Looking back to the beginning of CURE Malawi

Chris in Malawi this week, with Solomon Themuka, who was recognized for 10 years of service

One Sunday afternoon twelve years ago, Professor Jim Harrison and I were pushing our two-year-old sons, Olly and Phillip, on swings in the Blantyre sports club. We were talking about the difficulties of finding operating space for children with common physical impairments like clubfoot, bow legs, and osteomyelitis. We batted ideas around, one of which was building another theatre at the government hospital.  Another – and this was a long shot – was to build a dedicated kids orthopaedic hospital. The more we talked, the more detail we added, until by the time we lifted the dizzy boys out of the swings we had a mental plan of a hospital where children with disabilities and their families would be a priority, where good quality research and training could be carried out, and where God’s love could be shown.

We certainly talked optimistically, but I doubt that either of us thought that two years from that date we would be actually in the hospital doing operations. It was hard work sending off proposals to everyone we could think of but wonderful when these began to bear fruit, and both the Beit Trust and CURE International were interested. The former provided most of the capital for the building as a project marking the centenary of the death of the late Sir Alfred Beit. CURE International promised to undertake the remainder of the capital need and also to support the hospital for the next hundred years.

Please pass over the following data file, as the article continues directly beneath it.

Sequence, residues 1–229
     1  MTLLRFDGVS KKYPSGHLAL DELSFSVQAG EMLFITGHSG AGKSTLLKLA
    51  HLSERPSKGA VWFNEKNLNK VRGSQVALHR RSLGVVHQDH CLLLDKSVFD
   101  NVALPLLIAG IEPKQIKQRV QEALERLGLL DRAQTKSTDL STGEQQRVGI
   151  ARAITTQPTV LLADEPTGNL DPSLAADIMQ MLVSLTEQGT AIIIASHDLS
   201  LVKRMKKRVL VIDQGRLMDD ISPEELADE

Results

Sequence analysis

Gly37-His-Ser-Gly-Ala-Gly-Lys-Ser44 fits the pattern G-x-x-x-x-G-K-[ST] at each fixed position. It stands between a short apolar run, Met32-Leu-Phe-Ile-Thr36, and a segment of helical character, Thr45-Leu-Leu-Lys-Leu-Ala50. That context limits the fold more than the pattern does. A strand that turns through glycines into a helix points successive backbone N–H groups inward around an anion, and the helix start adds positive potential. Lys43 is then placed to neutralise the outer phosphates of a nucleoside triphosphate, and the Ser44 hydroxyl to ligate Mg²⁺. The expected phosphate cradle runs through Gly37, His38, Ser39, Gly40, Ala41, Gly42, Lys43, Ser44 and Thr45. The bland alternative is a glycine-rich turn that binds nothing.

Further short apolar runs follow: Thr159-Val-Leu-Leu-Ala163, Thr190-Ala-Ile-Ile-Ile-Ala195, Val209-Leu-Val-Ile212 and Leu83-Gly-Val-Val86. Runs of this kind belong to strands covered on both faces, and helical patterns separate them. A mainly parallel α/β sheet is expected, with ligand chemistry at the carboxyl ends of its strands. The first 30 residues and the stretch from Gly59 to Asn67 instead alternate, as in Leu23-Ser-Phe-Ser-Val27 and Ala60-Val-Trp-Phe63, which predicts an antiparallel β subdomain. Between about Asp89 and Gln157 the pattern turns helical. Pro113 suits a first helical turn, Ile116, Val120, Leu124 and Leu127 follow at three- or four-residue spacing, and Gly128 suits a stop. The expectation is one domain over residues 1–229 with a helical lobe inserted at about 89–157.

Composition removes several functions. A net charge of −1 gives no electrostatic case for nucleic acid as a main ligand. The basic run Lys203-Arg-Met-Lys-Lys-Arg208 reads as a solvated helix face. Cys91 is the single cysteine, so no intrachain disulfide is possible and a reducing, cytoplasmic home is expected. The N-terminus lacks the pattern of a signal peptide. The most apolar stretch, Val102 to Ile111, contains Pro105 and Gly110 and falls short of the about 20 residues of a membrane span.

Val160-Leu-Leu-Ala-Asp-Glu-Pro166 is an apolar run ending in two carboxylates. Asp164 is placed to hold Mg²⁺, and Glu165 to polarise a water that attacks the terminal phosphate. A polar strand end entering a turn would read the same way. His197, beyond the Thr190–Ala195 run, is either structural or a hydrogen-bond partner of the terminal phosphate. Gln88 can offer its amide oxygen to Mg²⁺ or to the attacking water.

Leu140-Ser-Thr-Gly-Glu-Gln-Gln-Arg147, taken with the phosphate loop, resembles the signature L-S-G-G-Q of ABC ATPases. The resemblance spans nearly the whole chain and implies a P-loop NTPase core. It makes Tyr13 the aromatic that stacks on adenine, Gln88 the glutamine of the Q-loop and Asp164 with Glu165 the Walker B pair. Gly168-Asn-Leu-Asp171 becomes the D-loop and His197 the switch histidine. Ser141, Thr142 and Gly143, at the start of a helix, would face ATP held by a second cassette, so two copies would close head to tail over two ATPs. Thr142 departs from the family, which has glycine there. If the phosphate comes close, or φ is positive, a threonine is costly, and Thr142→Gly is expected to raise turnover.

Speaking with Lusungu Kumwenda, a representative of Toyota Malawi.

The early days were a learning curve for both of us, and we met architects, quantity surveyors, government ministers, and even presidents and their families. We had a great and hardworking team that led up to the opening, and mention must be made of Arthur Aseka, Steven Miller, Richard Brueton, and Carol Gatward, all of whom played their part in getting the building and its contents ready.

I have been away from the hospital for three years, and it was amazing this week to see what had changed and what was the same. The big changes were the new operating theatre and the wonderful new wing with its teaching room and clubfoot programme office. It is exciting to see the expansion of the work. What had not changed was the joy and friendliness of the staff and the commitment to giving the best possible treatment at the same time as showing, in a sensitive way, that there is a God who loves us, forgives us, and speaks to us through His Word.

Photo of the Chris Lavy

About the Author: